Kinetic signalling models predict that selection intermediates that terminate Cd8 expression react to a loss of CD8-dependent TCR signalling by increased responsiveness to cytokines, which results in the expression of Runx3 and the reversal of coreceptor gene expression4. In contrast to models where the differentiation of selection intermediates towards the CD8 lineage following CD4 to CD8 coreceptor reversal is exclusively driven by cytokine signals20, the expression of TCR-driven activation genes such as Cd69, Egr1, Nr4a1 and Itm2a was significantly higher in Cd4+ Cd8a+, Cd4+ Cd8a− and Cd4− Cd8a+ selection intermediates than in pre-selection DP (Fig. 3a). Cd4−Cd8a+ selection intermediates expressed slightly less Cd69, Egr1 and Itm2a, (but not Nr4a1) than Cd4+Cd8a− selection intermediates, but differences in TCR signalling gene expression between subsets of selection intermediates were minor compared to the highly significant changes from pre-selection DP to selection intermediates (Fig. 3a). IPA pathway analysis indicated significant activation of pathways downstream of the TCR and of CD3 in both Cd4+Cd8a− and Cd4−Cd8a+ selection intermediates (Fig. 3b, left), again with minor differences between Cd4- andCd8a-defined subsets of selection intermediates (Fig. 3b, right). Together, these data indicate active TCR signalling in both Cd4+ Cd8a− and Cd4− Cd8a+ selection intermediates.
Expression of the Il7r gene was significantly elevated in Cd4+ Cd8a+, Cd4+ Cd8a− and Cd4− Cd8a+ selection intermediates compared to pre-selection DP (Supplementary Fig. 5a). Conversely, expression of Socs1, the gene encoding the suppressor of cytokine signalling SOCS1, was significantly reduced in Cd4+ Cd8a− and Cd4− Cd8a+ selection intermediates compared to pre-selection DP (Supplementary Fig. 5a). The expression of Gimap genes, which are targets of IL7R signalling, was also significantly elevated in Cd4+ Cd8a+, Cd4+ Cd8a− and Cd4− Cd8a+ selection intermediates compared to pre-selection DP (Supplementary Fig. 5a). Members of the JAK and STAT families and a range of cytokines showed evidence for activation (Supplementary Fig. 5b), and so did TGFβ/SMAD and IFNγ, which are among the cytokines that can support the differentiation and/or survival of CD8 lineage thymocytes20 (Supplementary Fig. 5b). Significant activation scores downstream of STATs and IFNγ in Cd4− Cd8a+ selection intermediates and of JAKs, TGFβ/SMAD and other cytokines in both Cd4+ Cd8a− and Cd4− Cd8a+ subsets suggest that cytokine signalling pathway activity is not restricted to Cd4− Cd8a+ selection intermediates, and therefore not strictly linked to coreceptor reversal21,22,23.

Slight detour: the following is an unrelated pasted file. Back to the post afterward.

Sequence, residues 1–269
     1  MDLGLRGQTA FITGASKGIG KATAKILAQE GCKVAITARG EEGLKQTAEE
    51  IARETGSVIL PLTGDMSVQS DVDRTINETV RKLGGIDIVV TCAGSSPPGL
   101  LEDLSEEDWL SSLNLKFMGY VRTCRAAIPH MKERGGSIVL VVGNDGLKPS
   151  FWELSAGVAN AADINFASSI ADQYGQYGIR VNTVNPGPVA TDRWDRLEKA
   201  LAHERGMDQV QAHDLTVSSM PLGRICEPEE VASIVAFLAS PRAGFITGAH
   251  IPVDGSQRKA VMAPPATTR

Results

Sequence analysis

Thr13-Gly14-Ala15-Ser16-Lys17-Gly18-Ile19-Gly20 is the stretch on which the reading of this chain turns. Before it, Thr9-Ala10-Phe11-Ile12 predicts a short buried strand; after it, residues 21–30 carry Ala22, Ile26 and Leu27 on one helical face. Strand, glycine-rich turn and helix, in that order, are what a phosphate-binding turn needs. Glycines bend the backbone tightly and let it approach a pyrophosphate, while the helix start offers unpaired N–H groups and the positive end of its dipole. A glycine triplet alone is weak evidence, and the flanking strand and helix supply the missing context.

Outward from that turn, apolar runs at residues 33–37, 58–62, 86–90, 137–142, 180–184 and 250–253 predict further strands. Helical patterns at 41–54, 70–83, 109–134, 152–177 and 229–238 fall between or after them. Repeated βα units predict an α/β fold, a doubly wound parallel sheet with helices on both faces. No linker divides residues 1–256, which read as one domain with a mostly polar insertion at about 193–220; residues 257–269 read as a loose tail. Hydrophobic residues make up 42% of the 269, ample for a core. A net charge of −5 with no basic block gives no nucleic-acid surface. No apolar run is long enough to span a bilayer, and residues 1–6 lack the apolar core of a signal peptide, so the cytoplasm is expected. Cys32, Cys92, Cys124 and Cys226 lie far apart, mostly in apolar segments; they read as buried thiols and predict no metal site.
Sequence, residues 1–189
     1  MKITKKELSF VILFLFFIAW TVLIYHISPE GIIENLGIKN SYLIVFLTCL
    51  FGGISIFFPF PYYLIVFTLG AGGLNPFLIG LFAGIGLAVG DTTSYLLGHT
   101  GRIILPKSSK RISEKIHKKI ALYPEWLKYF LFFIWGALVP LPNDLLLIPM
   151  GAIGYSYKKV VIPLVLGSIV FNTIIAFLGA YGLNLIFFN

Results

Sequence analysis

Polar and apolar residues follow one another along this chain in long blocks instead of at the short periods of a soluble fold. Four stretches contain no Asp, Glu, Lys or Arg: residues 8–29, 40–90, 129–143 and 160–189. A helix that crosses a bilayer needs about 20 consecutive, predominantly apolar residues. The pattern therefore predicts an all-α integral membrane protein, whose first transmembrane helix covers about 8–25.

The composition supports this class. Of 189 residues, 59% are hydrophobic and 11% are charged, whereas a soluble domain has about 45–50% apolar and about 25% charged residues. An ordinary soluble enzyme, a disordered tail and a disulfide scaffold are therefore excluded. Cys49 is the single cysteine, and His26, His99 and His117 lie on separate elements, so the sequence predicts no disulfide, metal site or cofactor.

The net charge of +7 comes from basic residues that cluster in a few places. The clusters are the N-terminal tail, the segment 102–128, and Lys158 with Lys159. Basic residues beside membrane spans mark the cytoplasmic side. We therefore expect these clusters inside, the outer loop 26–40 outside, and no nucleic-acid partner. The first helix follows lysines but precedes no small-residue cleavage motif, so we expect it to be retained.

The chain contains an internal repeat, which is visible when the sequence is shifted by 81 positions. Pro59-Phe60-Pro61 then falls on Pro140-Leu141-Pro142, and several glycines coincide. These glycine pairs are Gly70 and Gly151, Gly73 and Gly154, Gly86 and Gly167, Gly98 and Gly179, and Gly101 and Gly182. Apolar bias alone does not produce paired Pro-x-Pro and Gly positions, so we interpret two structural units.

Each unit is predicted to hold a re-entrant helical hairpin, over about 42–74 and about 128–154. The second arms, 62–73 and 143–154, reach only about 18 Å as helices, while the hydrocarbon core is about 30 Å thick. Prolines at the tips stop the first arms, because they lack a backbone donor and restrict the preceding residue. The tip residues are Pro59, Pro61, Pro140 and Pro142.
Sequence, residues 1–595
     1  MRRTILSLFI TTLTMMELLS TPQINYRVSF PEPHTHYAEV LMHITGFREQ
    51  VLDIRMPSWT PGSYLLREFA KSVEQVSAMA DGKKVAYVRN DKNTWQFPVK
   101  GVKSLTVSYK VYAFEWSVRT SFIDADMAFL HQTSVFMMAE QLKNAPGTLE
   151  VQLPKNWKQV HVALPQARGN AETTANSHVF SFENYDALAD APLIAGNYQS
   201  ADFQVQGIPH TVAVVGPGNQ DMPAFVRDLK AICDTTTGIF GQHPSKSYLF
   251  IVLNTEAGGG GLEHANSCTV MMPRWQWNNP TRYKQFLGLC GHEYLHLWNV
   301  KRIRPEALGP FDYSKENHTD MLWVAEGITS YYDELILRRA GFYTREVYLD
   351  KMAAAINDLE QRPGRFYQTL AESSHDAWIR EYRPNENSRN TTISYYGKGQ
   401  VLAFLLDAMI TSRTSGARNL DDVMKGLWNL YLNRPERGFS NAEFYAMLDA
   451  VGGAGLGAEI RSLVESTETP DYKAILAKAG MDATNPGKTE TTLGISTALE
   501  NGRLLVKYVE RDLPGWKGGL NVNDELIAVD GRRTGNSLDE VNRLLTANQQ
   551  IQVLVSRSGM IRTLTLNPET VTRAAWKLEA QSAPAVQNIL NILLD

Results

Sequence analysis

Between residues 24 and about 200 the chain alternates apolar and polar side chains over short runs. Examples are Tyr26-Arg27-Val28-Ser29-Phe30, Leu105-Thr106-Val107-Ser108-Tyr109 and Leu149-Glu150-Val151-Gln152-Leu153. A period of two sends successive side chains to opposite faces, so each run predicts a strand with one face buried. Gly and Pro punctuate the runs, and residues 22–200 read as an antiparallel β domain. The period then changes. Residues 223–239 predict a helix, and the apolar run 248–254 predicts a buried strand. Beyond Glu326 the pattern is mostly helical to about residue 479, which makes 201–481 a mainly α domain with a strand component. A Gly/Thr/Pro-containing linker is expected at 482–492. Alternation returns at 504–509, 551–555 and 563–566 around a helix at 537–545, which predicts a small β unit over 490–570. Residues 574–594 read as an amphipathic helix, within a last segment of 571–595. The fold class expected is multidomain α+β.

Lineage-specific expression of Zbtb7b but not Runx3